During the lead-up to the Games, there were controversies over sponsorship, political issues and the competition itself. In particular, the discovery that many of the Aliens would be killing and eating the bodies of unsuccessful athletes as part of the competition led to a series of small-scale protests across the country, although a nationwide Newspoll published in August 2016 indicated that 76% of respondents still viewed the Games as “an exciting economic opportunity” for Australia.
After the Games, it was discovered that the Stadium was unsuitable for further events due to the nature of the Alien architecture and xenoforming. Despite plans to recoup the costs of the Games through further sporting and cultural events, the Stadium is currently unoccupied, and the surrounding areas are under strict quarantine after blackfungus spores were discovered in the soil and groundwater of the district.
The opening ceremony was held on 5 October and called “Friends from the Stars”. Golden Globe-winning director Baz Luhrmann was its artistic director, with music direction by Sia.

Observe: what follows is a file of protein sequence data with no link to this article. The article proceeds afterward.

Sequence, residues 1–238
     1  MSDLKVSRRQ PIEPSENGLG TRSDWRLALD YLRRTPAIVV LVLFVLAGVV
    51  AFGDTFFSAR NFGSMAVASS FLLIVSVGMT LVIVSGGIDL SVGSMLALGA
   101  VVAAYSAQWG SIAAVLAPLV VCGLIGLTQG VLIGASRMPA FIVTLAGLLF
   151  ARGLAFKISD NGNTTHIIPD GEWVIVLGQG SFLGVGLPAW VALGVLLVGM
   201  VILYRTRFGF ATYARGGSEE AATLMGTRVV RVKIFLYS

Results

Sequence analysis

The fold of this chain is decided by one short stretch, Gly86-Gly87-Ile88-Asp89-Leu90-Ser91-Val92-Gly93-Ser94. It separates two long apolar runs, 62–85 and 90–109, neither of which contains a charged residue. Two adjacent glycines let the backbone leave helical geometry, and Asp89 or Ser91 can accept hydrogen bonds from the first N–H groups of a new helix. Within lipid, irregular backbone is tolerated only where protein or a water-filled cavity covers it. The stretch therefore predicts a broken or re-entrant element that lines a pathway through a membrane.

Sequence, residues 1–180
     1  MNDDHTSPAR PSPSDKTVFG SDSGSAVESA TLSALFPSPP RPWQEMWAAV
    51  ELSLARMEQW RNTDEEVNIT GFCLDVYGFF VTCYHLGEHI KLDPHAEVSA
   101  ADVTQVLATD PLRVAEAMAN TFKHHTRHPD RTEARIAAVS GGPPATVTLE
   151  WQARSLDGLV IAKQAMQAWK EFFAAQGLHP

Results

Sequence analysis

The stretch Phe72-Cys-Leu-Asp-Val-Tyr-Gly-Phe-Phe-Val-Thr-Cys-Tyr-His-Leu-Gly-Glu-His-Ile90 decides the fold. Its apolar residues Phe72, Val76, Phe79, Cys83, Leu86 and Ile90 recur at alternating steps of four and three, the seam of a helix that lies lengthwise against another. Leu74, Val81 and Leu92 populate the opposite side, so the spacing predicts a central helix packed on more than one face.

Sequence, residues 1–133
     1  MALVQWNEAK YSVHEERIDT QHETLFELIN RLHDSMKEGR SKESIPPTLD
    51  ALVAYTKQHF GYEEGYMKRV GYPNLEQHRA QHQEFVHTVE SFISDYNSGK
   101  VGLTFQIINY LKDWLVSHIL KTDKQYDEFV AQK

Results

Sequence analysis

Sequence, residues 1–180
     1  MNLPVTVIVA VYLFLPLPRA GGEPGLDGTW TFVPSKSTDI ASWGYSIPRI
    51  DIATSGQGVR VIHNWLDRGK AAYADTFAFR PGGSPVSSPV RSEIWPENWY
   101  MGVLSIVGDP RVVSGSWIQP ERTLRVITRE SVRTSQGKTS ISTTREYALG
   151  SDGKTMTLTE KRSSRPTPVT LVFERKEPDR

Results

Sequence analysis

The Games were officially opened by Governor-General Sir Peter Cosgrove and Prime Minister Malcolm Turnbull, accompanied by two senior Alien delegates. The ceremony included a short comic film starring Hugh Jackman, and live musical performers included the Cat Empire, Delta Goodrem and Guy Sebastian.
The closing act was performed by two Alien delegates, and involved the decapitation and consumption of twelve human dancers, accompanied by the Church’s hit single “Under the Milky Way”.
The ceremony was described as a “resounding success” by The Australian and “inspiring” by The Daily Telegraph, although some international media criticised the organisers’ decision to only use Australian dancers.
The closing ceremony was held on 12 October. Ian Thorpe gave a speech, and the 5112 athletes who lost their lives during the Games were thanked in a multimedia movement piece. At the conclusion of the ceremony, the Aliens departed in their ships, and the words “WE WILL RETURN” were projected into the sky above the Stadium.
Critics were generally positive, but noted that it was not as good as the opening ceremony.